Whistler, James McNeill
One of the most prominent artists of the American Gilded Age (although he was based primarily in the UK), James McNeill Whistler was leader in the belief of ‘art for art’s sake.’
Born in Massachusetts, his family moved to St. Petersburg, Russia for his father’s work when he was young. He studied at the Imperial Academy of Fine Arts, from age 11 until the death of his father forced the family back to the U.S. He then attended the United States Military Academy at West Point for three years, where he learnt map making and drawing from artist Robert W. Weir. After leaving West Point, he first worked as a draftsman mapping the U.S. coast, but was moved to the etching division after it was found he was drawing sea serpents and mermaids on maps. It was here that he was introduced to techniques that would influence his later art career.
After leaving the Coast Survey, he lived with Tom Winans in Baltimore. Winans furnished a studio for him and was one of the first to purchase Whistler’s paintings. In 1855 he moved to Paris, where he studied traditional art methods at the Ecole Imperiale; as well as travelling to meet fellow artists, including Henri Fantin-Latour, Edouard Manet, Gustave Courbet, and Charles Baudelaire. He spent 1860 in London, where he was establishing his technique of tonal harmony based on a limited, pre-determined palette. In 1866, he travelled to Chile, where he created the first of his nocturnal paintings; night scenes painted with blue or light green palettes. He credits his patron Frederick Leyland, an amateur musician, with the musically-inspired titles he gave his paintings.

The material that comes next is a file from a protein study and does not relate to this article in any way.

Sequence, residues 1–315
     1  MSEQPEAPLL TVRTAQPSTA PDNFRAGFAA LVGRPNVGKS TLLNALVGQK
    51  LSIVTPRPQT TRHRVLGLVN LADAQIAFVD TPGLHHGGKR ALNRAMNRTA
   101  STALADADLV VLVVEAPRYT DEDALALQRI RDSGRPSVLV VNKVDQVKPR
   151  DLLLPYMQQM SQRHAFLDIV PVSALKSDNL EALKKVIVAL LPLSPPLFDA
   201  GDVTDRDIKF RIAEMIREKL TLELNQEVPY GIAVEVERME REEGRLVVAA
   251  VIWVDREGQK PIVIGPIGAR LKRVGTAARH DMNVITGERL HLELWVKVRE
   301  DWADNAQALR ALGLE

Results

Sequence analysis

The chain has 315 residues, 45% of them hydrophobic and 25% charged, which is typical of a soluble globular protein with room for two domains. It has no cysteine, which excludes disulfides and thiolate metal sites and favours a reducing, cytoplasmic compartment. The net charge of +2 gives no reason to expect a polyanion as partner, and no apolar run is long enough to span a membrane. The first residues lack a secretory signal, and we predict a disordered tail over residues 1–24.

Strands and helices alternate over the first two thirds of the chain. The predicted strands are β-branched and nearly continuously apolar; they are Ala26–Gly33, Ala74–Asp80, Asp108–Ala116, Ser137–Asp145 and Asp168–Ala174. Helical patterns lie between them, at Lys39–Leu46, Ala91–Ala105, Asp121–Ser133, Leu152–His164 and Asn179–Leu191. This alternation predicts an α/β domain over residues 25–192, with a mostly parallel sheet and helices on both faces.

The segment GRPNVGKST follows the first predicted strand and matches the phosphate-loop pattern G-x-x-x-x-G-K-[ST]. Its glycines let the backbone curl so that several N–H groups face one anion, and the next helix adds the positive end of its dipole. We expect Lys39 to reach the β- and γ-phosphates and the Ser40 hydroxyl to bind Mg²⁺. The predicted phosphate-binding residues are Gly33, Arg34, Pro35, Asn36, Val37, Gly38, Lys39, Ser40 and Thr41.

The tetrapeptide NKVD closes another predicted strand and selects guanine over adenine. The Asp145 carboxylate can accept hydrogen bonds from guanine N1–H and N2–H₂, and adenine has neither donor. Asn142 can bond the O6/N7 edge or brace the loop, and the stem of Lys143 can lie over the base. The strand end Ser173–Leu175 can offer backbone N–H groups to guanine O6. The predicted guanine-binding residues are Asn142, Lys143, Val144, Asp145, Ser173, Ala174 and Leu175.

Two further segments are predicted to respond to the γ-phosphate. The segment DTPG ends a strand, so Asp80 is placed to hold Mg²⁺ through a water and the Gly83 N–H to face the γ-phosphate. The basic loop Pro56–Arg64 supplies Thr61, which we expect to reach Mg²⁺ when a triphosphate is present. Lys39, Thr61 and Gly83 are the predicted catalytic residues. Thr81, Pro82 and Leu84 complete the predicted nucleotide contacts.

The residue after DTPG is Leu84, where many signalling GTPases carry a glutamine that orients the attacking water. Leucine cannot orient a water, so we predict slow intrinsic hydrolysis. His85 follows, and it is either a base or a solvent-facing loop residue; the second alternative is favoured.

His most famous work, ‘Arrangement in Gray and Black: Portrait of the Artist’s Mother’, usually referred to as ‘Whistler’s Mother,’ was initially received poorly and refused a place in the Royal Academy. During a stay in Venice, he influenced the American art community there, including Frank Duveneck and Robert Blum; they would share his techniques and methods across America. Whistler published his first book, ‘Ten O’clock Lecture’ in 1885, which further spread his belief in ‘art for art’s sake.’
During the last years of his life, his art shifted to minimalist seascapes. In 1898, he founded an art school but closed it three years later due to poor health. He died in London at the age of 69.
The University Art Collection holds one drawing by James McNeill Whistler, entitled ‘The Fellow Traveller (Study of Ronald Murray Phillip)’.